Applications and agreements can sometimes get a little complicated. We want you to understand the language of lending. Here are explanations for some of the key terms you’re likely to come across.

ACH: Automated Clearing House, an electronic network for financial transactions in the United States. ACH processes millions of transactions every day, including payroll direct deposits and vendor payments. ACH is the way your loan payments get to Balance Credit as an EFT (Electronic Funds Transfer) from your bank account (as long as there are sufficient funds in your account on the payment due date).

APR: Annual Percentage Rate. APR is a percentage number that represents the actual yearly cost of funds over the term of a loan. This includes interest plus any fees or additional costs associated with the transaction.

Clearing Cycle: The time it takes for a check you deposit in your bank to be fully credited to your account. The clearing cycle is typically two to five business days.

Credit Access Business (CAB): In Texas, Balance Credit is not the lender. It is a CAB that assists customers in obtaining an extension of consumer credit from an unaffiliated third party lender.

Credit Bureau: Also known as a credit reporting agency. Two well-known credit bureaus are Experian and TransUnion. These bureaus collect data from credit card companies and other lenders and assign a credit score to each consumer.

Credit Limit: The amount of credit that a credit card company or other lender extends to a customer. A good credit score and history of borrowing and repayment may increase your credit limit.

Credit Report: A detailed report from a credit bureau that lenders like Balance Credit use to determine a customer’s eligibility to borrow money.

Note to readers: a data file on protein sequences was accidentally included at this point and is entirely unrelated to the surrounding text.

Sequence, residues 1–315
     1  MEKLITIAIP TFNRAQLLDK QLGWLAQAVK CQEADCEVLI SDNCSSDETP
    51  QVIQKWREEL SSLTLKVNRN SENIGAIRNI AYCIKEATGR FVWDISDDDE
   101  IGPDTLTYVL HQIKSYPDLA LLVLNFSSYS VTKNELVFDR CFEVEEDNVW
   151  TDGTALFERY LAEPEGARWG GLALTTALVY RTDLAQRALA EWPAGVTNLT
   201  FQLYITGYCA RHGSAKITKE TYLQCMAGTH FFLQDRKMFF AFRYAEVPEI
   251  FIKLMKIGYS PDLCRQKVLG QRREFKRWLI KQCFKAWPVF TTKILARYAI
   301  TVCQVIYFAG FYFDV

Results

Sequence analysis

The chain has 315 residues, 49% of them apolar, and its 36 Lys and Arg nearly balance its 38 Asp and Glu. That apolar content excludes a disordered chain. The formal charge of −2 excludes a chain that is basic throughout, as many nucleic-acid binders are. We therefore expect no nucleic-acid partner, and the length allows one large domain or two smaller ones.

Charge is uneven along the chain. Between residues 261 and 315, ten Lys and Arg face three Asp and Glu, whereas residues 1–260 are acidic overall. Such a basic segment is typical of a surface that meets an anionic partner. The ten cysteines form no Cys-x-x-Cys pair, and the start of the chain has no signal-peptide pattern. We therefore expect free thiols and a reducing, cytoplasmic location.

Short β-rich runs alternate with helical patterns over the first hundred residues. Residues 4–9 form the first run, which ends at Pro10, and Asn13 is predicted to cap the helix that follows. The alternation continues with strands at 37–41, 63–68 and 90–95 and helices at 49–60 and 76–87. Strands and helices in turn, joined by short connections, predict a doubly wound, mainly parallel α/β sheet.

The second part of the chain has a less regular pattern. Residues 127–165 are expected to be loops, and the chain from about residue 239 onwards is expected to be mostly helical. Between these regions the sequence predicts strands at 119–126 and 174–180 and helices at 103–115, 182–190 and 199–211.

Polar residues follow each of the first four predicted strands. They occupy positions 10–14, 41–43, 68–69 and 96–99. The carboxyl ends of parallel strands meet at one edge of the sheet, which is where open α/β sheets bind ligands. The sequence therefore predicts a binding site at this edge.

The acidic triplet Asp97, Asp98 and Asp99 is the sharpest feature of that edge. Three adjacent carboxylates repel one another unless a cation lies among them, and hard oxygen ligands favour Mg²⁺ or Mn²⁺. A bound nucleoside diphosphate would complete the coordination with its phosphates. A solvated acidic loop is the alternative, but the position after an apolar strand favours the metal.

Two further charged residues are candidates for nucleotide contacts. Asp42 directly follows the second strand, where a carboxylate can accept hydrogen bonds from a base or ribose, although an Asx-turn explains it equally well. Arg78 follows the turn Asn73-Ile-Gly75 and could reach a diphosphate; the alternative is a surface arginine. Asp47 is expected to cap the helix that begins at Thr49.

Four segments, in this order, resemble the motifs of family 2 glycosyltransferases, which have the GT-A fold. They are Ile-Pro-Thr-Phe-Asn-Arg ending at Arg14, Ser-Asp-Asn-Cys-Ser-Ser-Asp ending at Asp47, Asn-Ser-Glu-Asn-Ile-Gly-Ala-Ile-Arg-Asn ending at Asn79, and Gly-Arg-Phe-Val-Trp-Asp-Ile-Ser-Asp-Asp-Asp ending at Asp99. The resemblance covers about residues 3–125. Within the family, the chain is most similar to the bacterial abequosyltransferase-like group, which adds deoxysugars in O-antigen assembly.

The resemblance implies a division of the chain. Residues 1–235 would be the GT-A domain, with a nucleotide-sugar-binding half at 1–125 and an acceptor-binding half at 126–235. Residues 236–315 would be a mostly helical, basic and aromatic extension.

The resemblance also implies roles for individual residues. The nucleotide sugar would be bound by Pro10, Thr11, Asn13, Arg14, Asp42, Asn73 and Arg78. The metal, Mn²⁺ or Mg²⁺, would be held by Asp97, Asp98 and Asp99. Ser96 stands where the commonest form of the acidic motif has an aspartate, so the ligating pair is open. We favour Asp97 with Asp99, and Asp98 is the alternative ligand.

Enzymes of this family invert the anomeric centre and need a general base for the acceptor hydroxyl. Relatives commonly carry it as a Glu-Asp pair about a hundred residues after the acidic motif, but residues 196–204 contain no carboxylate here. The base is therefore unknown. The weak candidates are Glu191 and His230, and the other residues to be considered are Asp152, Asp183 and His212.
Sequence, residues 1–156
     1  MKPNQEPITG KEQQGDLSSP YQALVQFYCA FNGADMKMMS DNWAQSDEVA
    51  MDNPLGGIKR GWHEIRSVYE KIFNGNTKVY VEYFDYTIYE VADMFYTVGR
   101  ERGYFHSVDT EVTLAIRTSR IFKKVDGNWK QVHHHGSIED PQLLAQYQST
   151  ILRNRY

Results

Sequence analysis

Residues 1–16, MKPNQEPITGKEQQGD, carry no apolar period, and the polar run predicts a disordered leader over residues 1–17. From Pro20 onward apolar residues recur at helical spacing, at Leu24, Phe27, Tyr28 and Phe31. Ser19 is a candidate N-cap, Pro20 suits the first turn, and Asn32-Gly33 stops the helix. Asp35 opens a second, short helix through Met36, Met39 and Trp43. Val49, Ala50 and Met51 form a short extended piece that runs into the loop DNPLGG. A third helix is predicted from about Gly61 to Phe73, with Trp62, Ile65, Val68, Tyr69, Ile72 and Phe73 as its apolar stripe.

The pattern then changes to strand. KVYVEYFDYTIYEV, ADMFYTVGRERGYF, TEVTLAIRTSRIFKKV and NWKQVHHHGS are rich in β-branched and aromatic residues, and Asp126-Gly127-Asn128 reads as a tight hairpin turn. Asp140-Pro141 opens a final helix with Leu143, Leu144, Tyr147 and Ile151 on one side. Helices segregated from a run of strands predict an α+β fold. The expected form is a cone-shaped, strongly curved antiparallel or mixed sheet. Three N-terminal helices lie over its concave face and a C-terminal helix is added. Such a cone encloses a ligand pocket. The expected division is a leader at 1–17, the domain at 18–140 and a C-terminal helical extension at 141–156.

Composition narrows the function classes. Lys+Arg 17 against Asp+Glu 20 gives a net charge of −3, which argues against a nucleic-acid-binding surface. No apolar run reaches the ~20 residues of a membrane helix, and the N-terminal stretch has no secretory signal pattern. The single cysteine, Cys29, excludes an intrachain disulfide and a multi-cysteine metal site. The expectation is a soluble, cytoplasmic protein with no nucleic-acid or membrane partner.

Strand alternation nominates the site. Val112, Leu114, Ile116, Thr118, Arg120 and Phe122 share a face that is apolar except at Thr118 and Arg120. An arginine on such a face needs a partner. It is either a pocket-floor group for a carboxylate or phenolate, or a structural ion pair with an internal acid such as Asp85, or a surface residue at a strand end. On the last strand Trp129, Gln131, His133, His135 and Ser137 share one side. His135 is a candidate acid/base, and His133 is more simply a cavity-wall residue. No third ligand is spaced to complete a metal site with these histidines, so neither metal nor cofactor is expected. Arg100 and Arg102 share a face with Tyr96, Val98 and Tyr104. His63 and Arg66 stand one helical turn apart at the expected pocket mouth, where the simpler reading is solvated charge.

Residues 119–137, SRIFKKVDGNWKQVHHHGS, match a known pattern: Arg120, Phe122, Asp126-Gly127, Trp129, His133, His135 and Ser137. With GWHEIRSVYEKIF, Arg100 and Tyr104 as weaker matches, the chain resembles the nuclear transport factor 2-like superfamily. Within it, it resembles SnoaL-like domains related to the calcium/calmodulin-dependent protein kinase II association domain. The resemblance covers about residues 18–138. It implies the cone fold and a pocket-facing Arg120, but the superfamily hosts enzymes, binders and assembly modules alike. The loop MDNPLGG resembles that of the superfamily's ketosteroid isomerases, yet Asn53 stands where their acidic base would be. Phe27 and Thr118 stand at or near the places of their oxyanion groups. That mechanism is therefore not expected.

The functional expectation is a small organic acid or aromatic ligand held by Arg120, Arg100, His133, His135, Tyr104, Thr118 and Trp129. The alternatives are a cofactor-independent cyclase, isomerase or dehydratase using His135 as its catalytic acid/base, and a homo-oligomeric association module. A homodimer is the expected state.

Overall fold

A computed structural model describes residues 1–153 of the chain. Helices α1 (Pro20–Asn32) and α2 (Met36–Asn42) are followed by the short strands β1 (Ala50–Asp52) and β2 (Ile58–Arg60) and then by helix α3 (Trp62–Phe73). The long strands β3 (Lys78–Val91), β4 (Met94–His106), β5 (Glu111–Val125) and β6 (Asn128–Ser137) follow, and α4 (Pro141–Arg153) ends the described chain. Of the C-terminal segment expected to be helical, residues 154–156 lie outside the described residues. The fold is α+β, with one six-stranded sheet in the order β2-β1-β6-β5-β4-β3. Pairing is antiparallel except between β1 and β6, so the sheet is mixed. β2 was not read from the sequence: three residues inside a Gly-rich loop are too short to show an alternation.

Credit Services Organization (CSO): In certain states, Balance Credit is not the lender. It is a CSO that assists customers in obtaining an extension of consumer credit from an unaffiliated third party lender.

CSO Fee: A fee that Balance Credit charges in exchange for credit services including guaranteeing a loan.

Credit Score: The number assigned to you by a credit bureau. The higher your credit score, the more likely you are to be approved by a lender, and the lower the interest rate you’ll be charged.

Early Repayment: Sometimes lenders will charge a customer a penalty or fee for paying off a loan early. With a loan from Balance Credit or the lender Balance Credit works with, you are never charged for early repayment.

EFT: Electronic Funds Transfer. An exchange of money from one person or company to another, through a computer-based system such as ACH. This is the fastest way to move money.

Fixed-Rate Interest: An interest rate on a loan that does not change for the life of the loan. All loans from Balance Credit or the lender Balance Credit works with, charge fixed-rate interest.

Gross Income: The amount of pay you receive at your job before taxes and other deductions.

Installment: One of a series of payments made over the life of a loan (the loan period).

Interest: Money paid regularly at a particular rate for the use of money lent.

Loan Agreement: A legal contract that makes your loan official. The loan agreement includes the terms, conditions, costs, APR and other details including the responsibilities of the borrower and the lender.

Loan Period: The amount of time a customer has to repay a loan.

Net Income: Sometimes called “take-home pay,” net income is the amount of pay you receive at your job after taxes and other deductions.

NSF: Non-Sufficient Funds. A description of the situation when you don’t have enough money in your account to cover checks and scheduled payments. NSF is often associated with additional charges from your bank.

Outstanding Balance: The amount of your loan’s principal and pre-paid finance charge (if any) you still owe.

Penalty Charges: Charges from your bank or lender for not paying on time, or not having sufficient funds in your bank account.

Principal: The original amount of money borrowed. Your loan repayment includes principal, interest, and fees.

Promise Date: Another name for your loan payment due date.

Underpayment: An amount paid on a loan that is less that the amount stated in the loan agreement. Also known as a “partial payment.”